Still, it is an inconceivable over-generalization that protecting a civil right like gay marriage presents a threat that will be “the beginning of the end of Western Civilization” – something touted by Deacon Keith Fournier, a Catholic deacon, and Mat Staver, the founder of Liberty Counsel, in their “Pledge in Solidarity to Defend Marriage.” Christians are not victimized by gay marriages. Churches have always had the right to discriminate whom they will marry as evidenced by the Roman Catholic Church that refuses to marry those who have been divorced unless the prior marriage has been annulled by the Church.

In spite of right-wing Christian rhetoric to the contrary, the Constitution is a secular document. The separation of church and state is clearly defined. A true democracy must hold certain limitations on the exercise of a particular religion as it applies to matters of state. It also accepts that all religious “truth” is equally valid and equally protected – that includes the religions of Jews, Muslims and those who eschew all religions. It is important that the Supreme Court stands against the establishment of a theocracy as it insures all citizens have liberty and justice.

Justice Scalia, himself, opted not to probe the intensity or validity of a plaintiff’s religious conviction. Get too deep into second-guessing matters of spiritual belief, he noted in his landmark 1990 opinion denying peyote-using Native Americans an exemption from everyday drug laws, and there’s no getting out: “What principle of law or logic can be brought to bear to contradict a believer’s assertion that a particular act is ‘central’ to his personal faith?” Neutral laws must hold sway, or every religious objector becomes, in Scalia’s words, “a law unto himself.”


(Dahlia Lithwick. “Scalia v. Scalia.” The Atlantic. June 2014.)

Refuting Point 3

The point that we may face a Supreme Court that “will no longer be shaped by the Constitution our founders gave us” is emotional language without logical support.

Our judges and courts constantly struggle both to uphold the Constitution and to insure it remains a living document, not just aged words in a single rigid, literal interpretation. To suggest that the Supreme Court makeup somehow encourages a world in which “Christians are being beheaded” and “Christians chaplains are being purged” and “first graders can no longer be called boys and girls” is argument by emotive language.

Substituting facts and evidence with words that stir up emotions in an attempt to manipulate others into accepting the truth of an argument is not acceptable in any court of law. Invoking the reference to our founding fathers to defend the fears of the right is an appeal to patriotism, a ploy often used by politicians to bolster their status. I have even known religious leaders who employ emotion deceitfully.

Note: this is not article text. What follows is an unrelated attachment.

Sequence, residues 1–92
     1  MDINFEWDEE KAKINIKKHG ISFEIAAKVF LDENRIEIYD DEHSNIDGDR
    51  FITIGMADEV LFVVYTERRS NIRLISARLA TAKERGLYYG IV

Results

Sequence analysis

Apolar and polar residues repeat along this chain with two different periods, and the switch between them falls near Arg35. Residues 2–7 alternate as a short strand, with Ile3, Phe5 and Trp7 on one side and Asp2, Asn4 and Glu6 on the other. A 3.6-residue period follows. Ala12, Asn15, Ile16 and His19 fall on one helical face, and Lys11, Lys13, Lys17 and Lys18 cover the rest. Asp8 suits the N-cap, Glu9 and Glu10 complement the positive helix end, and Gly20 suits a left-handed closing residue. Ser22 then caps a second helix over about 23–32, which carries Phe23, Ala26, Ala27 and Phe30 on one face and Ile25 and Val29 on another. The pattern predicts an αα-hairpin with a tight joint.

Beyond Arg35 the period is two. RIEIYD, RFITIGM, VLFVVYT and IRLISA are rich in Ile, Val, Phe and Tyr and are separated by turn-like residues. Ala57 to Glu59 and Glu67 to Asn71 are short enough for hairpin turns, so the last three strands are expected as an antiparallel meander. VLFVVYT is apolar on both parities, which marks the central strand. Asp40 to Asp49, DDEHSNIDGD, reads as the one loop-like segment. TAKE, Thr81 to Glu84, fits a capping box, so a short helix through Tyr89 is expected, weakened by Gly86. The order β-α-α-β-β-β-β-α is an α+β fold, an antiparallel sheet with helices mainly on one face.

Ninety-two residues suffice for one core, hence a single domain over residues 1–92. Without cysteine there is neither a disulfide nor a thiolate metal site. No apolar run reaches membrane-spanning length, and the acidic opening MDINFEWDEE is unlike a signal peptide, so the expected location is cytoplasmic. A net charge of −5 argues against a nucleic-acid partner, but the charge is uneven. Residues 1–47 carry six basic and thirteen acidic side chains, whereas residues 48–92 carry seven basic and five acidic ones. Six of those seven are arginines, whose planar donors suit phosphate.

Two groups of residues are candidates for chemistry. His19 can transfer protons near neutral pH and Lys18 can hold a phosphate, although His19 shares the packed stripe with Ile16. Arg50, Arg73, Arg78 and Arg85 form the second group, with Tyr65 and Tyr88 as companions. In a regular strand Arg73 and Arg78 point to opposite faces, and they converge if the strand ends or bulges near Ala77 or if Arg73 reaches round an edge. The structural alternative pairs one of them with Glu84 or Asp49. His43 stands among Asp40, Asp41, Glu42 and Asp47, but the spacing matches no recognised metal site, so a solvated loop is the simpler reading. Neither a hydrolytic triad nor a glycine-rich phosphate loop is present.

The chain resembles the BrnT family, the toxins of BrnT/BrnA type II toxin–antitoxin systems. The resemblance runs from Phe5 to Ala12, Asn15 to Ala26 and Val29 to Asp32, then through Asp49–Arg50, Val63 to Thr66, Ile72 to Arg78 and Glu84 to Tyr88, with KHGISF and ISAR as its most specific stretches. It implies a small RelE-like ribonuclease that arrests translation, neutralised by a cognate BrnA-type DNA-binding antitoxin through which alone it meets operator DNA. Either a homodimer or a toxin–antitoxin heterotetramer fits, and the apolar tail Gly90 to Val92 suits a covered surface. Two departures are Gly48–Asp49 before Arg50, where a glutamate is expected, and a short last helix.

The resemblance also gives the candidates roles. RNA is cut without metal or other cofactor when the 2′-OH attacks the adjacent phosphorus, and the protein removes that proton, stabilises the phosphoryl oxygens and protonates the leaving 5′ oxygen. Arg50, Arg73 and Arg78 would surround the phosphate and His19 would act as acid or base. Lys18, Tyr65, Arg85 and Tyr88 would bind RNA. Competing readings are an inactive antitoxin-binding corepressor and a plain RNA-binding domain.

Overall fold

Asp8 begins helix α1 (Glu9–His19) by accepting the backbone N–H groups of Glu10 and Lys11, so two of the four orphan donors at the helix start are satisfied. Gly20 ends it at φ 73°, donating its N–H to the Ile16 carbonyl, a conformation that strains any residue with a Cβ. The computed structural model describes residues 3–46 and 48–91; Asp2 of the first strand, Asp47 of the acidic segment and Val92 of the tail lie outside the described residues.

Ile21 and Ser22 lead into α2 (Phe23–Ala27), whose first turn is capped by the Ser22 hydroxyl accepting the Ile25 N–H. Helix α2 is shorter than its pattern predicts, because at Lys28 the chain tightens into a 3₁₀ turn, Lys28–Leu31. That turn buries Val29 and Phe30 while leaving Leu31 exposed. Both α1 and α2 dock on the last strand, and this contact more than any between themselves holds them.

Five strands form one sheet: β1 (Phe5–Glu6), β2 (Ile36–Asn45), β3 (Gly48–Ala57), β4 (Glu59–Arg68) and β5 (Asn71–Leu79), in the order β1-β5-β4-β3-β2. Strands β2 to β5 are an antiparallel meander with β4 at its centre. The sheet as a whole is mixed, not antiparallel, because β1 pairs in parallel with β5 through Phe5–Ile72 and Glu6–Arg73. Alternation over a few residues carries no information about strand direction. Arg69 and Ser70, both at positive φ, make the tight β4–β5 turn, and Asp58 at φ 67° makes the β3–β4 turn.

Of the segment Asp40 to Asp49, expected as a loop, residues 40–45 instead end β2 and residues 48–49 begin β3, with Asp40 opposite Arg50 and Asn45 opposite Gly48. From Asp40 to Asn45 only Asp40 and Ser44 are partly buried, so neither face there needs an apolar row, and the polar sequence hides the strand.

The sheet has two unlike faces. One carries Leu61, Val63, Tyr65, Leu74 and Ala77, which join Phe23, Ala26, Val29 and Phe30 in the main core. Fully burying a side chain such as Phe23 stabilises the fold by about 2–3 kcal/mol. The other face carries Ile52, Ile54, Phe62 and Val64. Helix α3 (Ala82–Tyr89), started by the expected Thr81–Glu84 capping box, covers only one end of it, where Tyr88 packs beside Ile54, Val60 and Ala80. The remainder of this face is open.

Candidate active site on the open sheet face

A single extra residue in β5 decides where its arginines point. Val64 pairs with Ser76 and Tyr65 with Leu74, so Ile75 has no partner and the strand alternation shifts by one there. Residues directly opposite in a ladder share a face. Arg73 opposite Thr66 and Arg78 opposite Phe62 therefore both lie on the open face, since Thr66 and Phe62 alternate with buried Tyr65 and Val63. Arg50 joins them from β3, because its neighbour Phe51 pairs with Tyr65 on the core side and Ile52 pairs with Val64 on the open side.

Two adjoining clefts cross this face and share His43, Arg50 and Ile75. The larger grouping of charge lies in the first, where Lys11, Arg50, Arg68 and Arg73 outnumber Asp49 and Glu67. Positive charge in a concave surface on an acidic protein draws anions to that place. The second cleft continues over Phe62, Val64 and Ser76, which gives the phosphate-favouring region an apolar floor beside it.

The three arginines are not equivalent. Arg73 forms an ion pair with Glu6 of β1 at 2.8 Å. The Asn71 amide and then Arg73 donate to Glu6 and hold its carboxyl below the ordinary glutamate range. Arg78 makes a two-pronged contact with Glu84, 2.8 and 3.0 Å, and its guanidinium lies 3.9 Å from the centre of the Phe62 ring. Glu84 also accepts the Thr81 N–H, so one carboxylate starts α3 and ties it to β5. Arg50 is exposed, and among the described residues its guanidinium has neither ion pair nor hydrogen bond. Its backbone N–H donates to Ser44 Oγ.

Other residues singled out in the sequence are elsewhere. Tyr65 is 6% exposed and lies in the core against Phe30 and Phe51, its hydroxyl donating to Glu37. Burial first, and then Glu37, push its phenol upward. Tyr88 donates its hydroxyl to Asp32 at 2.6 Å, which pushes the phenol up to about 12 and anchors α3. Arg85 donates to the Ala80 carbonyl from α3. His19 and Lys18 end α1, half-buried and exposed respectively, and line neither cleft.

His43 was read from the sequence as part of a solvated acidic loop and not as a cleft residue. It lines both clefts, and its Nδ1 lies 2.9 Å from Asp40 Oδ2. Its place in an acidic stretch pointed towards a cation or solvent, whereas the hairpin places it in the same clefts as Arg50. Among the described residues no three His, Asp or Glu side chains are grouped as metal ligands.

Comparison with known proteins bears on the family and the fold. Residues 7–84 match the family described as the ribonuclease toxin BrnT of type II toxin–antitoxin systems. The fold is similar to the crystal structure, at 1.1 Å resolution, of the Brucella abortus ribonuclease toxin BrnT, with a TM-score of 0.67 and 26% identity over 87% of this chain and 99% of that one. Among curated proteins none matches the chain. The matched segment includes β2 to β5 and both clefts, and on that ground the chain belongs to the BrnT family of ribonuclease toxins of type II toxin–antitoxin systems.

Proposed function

Mr. Throckmorton, you say: “My friend Jim Garlow (an evangelical leader in the political arena) writes, 'Freedoms come in “threes.” Political freedom, economic freedom and religious liberty coexist together. Take one away and the other two will eventually disappear. One cannot exist without the other two. The genius of America is that it had all three, until recently.'”

This is the same Jim Garlow who in 2014 called in to the “Point Of View” radio program to discuss his participation in the Vatican’s summit on marriage. During the course of the conversation, Garlow offered up a rather interesting argument against the acceptance of gay marriage...

“All the people who advocate for so-called same-sex marriage ought to have to live in homes in which the plumbers who built them, or the electricians who built them, didn’t understand the difference between the male and female end of piping or plumbing or of electrical as well and see how that home works out for them.”

The same Jim Garlow who wrote on Facebook …

“My 'Trump vs Hillary' article added 100,000 shares in 5 1/2 hrs. Now at 3,100,000. In spite all of Trump's very obvious sins, weakness & shortcomings (yes, they are many. U don't need to tell me) I would like to help in some small way to assist in electing him with the hope that we might save freedom for the globe, save the republic... & protect us all from Jezebel 2.0.”